Alyssa Frank is the flawed and really unfortunate heroine in “Fate’s Exchange,” doomed to relive the final week leading to her death. The set up is that, like the dryness of Groundhog Day multiplied with the momentum of Run Lola Run, Alyssa is to relive her abysmal week repeatedly in order to identify the root causes of her ultimate demise and what decisions she could have made differently to not have her life end by the end of the week. Yes – it’s dark. You’ve been warned.

Fate's Exchange

A Questionable Subversion

Book Reviews

Reminiscent of the heroines found in the popular fiction series such as Stephanie Plum and Kay Scarpetta, “Subversion” by J.P. Choquette clearly uses aforementioned characters as inspirations for her own Tayt Waters.

The heroine in Choquette’s “Subversion” is no one trick pony. A self-proclaimed vigilante, Tayt Waters is a house cleaner by day and a restorer of justice by night, the latter by any means necessary. Told in first person (an ambitious decision in its own right), “Subversion” is a quick read which will be devoured by those who enjoy a nice mystery with their coffee.

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No Missing Suspense Here

Book Reviews

The first thing I’d like to say when starting my review of Ace Varkey’s taut “The Girl Who Went Missing” is that it thankfully bears no similarities to the currently popular (for reasons I cannot comprehend) “The Girl From the Train” – and that’s a very good thing. “The Girl On The Train” is one of the most ridiculously insipid books I’ve read in a long time, and fortunately Varkey’s work is heads and shoulders above that tripe.

For a first time novelist, Ace Varkey sure has a tenacious hold on maintaining a vision and following through successfully. “The Girl Who Went Missing” is a classic mystery thriller in many conventional ways. It’s set in an exotic locale (Mumbai), has a heroine who is searching for her missing sister, and features a police authority figure who is flawed but experienced. The combination of these components allows the author to present a story that is at once both suspenseful but personal, which is a difficult mix to attempt.

Girl Who Went Missing

Quick Fix Drama Queens

Book Reviews

I always gratefully accept requests for reviews from authors who pique my curiosity with the book’s synopsis. It’s extra icing on the literary cake when the author is from halfway around the world and who has lived a life full of visceral experiences that would be a good fit for an intense sit-down interview with Oprah herself.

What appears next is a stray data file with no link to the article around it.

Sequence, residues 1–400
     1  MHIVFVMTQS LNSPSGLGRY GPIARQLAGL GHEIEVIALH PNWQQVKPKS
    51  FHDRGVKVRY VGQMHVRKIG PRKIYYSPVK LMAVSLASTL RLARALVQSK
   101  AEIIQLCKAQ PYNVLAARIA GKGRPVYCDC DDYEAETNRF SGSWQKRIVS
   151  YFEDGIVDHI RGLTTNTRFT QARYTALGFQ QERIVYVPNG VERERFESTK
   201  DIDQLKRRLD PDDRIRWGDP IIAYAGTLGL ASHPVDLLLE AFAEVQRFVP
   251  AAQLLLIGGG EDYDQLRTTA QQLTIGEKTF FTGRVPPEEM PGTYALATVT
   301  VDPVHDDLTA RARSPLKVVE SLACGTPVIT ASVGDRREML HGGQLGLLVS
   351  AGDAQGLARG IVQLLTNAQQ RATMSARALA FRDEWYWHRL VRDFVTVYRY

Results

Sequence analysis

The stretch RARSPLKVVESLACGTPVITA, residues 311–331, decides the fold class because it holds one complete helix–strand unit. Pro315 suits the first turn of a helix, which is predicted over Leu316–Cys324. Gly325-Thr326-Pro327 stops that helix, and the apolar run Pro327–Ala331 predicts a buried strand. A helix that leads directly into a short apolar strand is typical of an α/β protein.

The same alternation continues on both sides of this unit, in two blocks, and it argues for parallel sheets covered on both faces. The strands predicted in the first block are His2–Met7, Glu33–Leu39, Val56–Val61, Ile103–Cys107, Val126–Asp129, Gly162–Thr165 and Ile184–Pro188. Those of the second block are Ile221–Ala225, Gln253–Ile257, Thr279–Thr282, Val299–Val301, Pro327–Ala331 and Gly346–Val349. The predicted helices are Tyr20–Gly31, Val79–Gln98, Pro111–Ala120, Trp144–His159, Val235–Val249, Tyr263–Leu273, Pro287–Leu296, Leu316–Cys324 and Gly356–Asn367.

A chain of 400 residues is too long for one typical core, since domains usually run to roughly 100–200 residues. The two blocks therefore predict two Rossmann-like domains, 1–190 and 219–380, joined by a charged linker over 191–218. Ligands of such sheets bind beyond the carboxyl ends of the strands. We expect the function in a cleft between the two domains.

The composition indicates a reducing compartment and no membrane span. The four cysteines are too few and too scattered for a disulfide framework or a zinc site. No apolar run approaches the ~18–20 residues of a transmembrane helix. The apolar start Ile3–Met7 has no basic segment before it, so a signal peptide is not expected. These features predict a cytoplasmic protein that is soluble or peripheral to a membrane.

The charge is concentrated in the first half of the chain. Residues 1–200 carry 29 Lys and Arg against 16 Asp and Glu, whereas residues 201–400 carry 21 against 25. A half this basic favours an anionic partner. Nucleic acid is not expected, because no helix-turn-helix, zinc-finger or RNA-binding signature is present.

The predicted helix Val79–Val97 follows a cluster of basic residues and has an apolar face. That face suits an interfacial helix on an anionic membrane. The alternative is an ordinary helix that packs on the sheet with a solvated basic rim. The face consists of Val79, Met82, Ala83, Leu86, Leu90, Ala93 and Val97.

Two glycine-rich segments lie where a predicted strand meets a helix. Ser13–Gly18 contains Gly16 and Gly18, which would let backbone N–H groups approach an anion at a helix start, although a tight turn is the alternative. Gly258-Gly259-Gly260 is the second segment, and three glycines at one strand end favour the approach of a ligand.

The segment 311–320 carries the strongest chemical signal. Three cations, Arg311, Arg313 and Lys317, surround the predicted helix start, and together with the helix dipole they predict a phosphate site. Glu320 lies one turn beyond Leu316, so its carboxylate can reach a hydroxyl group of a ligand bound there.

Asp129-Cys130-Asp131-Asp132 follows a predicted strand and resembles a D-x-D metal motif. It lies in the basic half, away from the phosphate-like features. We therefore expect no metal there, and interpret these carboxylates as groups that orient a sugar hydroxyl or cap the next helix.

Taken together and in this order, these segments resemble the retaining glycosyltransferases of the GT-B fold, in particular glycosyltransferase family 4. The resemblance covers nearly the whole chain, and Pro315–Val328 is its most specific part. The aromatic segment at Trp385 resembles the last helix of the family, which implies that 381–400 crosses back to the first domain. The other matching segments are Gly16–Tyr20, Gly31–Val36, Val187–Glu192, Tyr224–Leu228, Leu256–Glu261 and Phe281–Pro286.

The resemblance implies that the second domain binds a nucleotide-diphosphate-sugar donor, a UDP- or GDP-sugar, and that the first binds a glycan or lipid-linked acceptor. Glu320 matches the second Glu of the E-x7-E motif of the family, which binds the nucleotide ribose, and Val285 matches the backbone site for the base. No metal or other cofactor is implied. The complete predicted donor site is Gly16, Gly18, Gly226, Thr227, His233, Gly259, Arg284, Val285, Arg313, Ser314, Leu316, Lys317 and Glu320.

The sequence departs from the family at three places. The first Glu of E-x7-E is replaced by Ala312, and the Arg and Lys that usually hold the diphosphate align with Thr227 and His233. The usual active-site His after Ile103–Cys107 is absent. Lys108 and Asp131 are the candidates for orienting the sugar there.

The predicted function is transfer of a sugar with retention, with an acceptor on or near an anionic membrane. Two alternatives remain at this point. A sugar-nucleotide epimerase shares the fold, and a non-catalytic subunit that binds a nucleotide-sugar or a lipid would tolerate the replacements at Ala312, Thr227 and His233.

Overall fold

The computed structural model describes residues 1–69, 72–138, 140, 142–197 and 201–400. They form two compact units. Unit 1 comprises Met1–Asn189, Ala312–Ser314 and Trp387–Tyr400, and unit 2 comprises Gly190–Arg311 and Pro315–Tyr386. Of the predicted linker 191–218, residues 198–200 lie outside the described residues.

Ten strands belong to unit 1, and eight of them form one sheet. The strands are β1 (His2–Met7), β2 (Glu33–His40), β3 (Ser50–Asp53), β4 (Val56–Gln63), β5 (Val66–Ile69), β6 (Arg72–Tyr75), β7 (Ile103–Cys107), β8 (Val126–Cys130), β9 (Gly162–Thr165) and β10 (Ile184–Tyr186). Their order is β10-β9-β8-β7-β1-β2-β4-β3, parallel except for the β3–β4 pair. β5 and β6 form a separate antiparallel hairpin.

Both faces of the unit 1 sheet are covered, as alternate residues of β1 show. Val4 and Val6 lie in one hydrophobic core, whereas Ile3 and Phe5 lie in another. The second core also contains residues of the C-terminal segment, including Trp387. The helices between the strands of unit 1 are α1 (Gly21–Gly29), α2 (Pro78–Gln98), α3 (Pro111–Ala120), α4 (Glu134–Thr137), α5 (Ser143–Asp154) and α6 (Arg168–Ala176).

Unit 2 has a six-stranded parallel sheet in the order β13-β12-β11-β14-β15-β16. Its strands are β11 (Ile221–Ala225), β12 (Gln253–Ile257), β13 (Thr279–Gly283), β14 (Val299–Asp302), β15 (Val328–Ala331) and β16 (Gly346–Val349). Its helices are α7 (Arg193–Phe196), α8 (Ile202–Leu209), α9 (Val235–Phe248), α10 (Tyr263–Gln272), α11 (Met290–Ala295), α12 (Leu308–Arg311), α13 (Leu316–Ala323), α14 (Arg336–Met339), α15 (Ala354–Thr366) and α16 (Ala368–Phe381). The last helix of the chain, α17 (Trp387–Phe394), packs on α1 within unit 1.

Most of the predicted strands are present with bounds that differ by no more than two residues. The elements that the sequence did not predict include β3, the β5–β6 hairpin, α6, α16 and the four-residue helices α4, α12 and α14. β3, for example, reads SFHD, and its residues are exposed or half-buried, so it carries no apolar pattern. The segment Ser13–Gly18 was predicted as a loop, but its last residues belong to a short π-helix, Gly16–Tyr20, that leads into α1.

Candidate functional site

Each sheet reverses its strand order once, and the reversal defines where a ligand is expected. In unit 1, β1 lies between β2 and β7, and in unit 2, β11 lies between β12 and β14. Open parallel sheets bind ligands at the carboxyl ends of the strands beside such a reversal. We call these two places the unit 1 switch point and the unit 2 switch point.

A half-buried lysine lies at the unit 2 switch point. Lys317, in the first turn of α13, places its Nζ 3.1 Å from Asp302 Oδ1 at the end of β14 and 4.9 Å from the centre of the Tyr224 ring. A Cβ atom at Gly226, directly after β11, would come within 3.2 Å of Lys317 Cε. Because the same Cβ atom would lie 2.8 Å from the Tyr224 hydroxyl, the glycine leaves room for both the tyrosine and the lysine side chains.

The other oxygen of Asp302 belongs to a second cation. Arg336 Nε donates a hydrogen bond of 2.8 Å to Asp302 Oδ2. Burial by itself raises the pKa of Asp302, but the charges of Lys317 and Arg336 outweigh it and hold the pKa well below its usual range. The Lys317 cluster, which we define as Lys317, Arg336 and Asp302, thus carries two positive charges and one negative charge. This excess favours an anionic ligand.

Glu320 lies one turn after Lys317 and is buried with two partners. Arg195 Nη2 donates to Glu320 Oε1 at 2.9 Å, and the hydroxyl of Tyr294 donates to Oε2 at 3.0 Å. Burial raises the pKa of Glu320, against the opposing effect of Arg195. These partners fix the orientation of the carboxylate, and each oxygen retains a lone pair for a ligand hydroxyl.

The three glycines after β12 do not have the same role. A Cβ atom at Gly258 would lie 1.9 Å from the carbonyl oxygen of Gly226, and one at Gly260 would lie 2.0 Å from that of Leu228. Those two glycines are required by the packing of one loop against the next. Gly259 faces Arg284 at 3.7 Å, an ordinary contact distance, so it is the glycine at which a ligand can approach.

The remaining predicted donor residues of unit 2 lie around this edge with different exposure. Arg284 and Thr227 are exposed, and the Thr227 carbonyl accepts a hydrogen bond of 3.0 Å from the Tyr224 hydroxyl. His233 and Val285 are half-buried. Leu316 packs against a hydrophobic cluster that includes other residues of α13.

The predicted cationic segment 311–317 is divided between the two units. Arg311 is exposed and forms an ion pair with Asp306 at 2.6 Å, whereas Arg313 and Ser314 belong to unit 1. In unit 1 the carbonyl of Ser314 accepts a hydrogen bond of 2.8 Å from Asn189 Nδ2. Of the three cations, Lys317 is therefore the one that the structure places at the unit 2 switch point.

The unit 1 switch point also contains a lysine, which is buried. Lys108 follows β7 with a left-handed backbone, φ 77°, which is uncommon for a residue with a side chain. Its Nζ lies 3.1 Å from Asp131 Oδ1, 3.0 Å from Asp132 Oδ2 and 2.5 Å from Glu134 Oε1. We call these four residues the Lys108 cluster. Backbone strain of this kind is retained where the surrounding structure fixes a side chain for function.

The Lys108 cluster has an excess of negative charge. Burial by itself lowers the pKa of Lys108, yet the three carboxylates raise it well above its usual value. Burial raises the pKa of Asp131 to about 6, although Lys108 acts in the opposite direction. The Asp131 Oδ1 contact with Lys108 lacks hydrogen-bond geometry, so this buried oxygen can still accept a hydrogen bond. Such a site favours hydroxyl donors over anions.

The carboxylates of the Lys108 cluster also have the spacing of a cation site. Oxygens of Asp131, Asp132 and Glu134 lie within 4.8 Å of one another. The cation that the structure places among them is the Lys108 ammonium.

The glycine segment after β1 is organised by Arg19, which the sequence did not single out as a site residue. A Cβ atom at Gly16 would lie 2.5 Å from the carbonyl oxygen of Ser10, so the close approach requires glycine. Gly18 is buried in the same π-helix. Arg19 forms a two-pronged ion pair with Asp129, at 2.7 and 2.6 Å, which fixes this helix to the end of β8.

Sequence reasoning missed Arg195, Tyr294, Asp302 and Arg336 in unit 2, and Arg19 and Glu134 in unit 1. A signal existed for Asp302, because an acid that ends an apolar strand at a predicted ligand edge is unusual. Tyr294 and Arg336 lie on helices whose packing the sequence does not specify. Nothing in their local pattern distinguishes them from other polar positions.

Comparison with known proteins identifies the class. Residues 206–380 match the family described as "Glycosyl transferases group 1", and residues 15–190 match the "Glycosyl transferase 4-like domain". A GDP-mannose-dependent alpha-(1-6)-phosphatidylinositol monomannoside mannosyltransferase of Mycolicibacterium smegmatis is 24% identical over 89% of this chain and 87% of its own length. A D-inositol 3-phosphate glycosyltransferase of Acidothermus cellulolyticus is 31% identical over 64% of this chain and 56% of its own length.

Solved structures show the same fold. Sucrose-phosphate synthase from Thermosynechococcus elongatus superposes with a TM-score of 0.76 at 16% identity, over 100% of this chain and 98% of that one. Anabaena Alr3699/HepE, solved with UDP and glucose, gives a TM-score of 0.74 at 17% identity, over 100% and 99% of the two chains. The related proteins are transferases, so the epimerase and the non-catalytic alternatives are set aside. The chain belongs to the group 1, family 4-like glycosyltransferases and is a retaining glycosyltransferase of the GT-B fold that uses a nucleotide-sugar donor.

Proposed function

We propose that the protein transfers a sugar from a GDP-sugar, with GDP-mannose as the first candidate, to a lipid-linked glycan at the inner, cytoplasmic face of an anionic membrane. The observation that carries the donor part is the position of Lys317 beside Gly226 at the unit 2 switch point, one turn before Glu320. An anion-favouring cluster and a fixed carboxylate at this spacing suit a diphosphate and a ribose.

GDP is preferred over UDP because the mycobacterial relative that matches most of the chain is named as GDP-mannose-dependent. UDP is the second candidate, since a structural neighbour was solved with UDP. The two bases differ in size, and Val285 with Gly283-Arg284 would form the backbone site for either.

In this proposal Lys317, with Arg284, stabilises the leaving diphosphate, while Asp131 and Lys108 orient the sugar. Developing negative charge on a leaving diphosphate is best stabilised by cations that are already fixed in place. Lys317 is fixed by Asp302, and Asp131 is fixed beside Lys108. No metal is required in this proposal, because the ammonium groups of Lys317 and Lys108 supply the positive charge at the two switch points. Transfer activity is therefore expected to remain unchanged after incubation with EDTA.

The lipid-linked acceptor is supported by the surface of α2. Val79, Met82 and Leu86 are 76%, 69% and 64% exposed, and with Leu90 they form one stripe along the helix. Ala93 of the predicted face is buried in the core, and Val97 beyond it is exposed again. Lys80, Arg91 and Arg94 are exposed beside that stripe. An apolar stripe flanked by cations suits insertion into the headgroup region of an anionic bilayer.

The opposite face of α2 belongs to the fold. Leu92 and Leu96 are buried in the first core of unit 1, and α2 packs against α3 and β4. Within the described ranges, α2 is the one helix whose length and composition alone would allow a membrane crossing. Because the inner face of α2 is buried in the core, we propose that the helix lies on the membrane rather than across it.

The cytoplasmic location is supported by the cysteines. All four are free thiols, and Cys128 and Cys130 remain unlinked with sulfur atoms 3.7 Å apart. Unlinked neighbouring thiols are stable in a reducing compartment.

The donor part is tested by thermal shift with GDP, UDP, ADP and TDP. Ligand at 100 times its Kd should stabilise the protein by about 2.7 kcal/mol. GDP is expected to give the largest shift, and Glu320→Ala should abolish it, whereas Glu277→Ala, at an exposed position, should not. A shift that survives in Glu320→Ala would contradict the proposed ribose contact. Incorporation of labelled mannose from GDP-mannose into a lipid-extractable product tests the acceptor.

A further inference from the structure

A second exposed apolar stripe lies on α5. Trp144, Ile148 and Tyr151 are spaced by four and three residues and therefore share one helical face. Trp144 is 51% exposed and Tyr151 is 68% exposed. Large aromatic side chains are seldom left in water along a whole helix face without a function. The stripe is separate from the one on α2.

Rihanna Wilding’s “Quick Fix: Drama In The City” is a classic example of today’s propensity of modern authors’ to fuse several established genres and creating something all together new and refreshing. The very first scene written in the book is not for the faint of heart nor is it really indicative of the tale that soon unfolds. This is clearly an interesting tactic by Wilding to confuse the reader and to test one’s threshold of willingness to commit to a work that is quite unlike the tripe that populates the shelves of your local bookstore.

Quick Fix

Pawn Shop: A Review of S.K. Thomas’ “Pawned Queen”

Book Reviews

As a critic, one thing that annoys me to no end is when reviewers comment that there is a lack of plot or character development in a novella. A novella is longer than a short story but shorter than a novel. Thus, intrinsic to the format, there cannot be long discourses that allow for character profiles or a study in intent. Therefore the reader must expect a certain level of a lack of above components because, well, there just isn’t enough time or space. It’s not that complicated.

SK Thomas’ “Pawned Queen” takes advantage of this style of narrative to present a thriller that is, as expected, fervently plotted and quick witted. The story itself is a splice of Gone Girl meets The Girl on the Train with its tone of untrustworthy characters with questionable intents. The novella finds the missing character Alice being sought after by her close friend, Melissa, who herself suspects Alice’s husband might be to blame for Alice’s disappearance. Resolute in her suspicions, Melissa enlists the help of her husband to search for her missing friend, and to bring the perpetrator to justice.

Pawned Queen